February 7, 2017
PHOENIX (AP) — Arizona disability providers want nearly three times more funding than the state is proposing to cover the cost of a voter-approved minimum wage hike, even as a non-partisan think tank review said Tuesday the providers' estimates are wildly overstated.
The governor's office allocated the providers about $29 million in extra funding for the remainder of 2017 and the 2018 budget year. Yet the Arizona Association of Providers for People with Disabilities is estimating its network needs $73.8 million to continue operating through fiscal year 2018.
The Grand Canyon Institute disputed the association's evaluation in its report stating providers would actually only need about $21 million in fiscal year 2018 to stay afloat.
The association indicated a need for an additional $58 million in the 2018 budget year in its own assessment.
Advocates for the disability community say without appropriate funding, many providers will be forced to cut services or shut down completely.
The ballot initiative requires care providers to boost hundreds of workers' hourly wages. The increased payments from Arizona's Medicaid program are meant to cover the higher costs associated with providing long-term care for the elderly and disabled, as well as services for the developmentally disabled.
Wendy Shaw, CEO and president of AIRES, a for-profit care provider, said dealing with the minimum wage increase has made matters worse for the already struggling care provider industry. She said the industry previously saw the Legislature cut funding for disability services by 15 percent during the recession.
Shaw said emergency funding allocated to AIRES has helped but was inadequate.
"It's been a really tough decade," Shaw said. "This is a very labor intensive business_we spared our direct care staff as much as we could."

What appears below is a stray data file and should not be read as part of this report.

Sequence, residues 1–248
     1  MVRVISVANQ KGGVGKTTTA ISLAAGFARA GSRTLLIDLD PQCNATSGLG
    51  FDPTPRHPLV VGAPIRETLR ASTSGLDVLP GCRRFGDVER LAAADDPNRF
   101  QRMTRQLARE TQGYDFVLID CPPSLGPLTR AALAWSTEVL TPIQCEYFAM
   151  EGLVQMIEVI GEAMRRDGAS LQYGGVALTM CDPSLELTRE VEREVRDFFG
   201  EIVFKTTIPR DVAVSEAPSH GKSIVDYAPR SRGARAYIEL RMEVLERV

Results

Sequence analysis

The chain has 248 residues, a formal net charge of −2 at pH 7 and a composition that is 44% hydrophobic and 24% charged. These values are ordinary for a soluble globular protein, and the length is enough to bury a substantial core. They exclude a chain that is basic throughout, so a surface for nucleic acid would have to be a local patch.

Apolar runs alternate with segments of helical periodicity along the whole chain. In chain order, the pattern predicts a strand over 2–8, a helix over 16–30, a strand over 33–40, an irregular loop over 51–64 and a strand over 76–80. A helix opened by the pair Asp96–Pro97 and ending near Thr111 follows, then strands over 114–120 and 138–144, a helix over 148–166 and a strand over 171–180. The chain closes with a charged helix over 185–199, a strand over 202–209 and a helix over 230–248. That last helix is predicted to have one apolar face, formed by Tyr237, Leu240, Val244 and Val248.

AIRES staff once had starting salaries of $9.25, but Shaw says she can now only afford to pay new employees $8.50 an hour.
Heidi Capriotti, a public information officer at the state's Medicaid program, said AHCCCS has asked providers to send them any information they have relayed to the Legislature regarding the impact their costs are having on members' access to care.
The push comes after Arizonans approved Proposition 206, a ballot measure that will raise the minimum wage to $10 this year and to $12 an hour by 2020. It came amid the vote for Proposition 204 in Flagstaff, where voters decided to raise the minimum wage to $12 an hour this year and to $15 an hour by 2021.
The Arizona Supreme Court will hear a legal challenge to Proposition 206 on Thursday. A lawsuit filed by the Arizona chamber of Commerce and Industry and other business groups alleges the measure failed to provide a required funding mechanism for increased state costs.
Backers of the measure note that the state is exempt from having to pay minimum wages and that any additional costs for contracted service providers are discretionary expenditures.
A trial court judge agreed and sided with the group backing the measure and Attorney General Mark Brnovich, whose office defended it.
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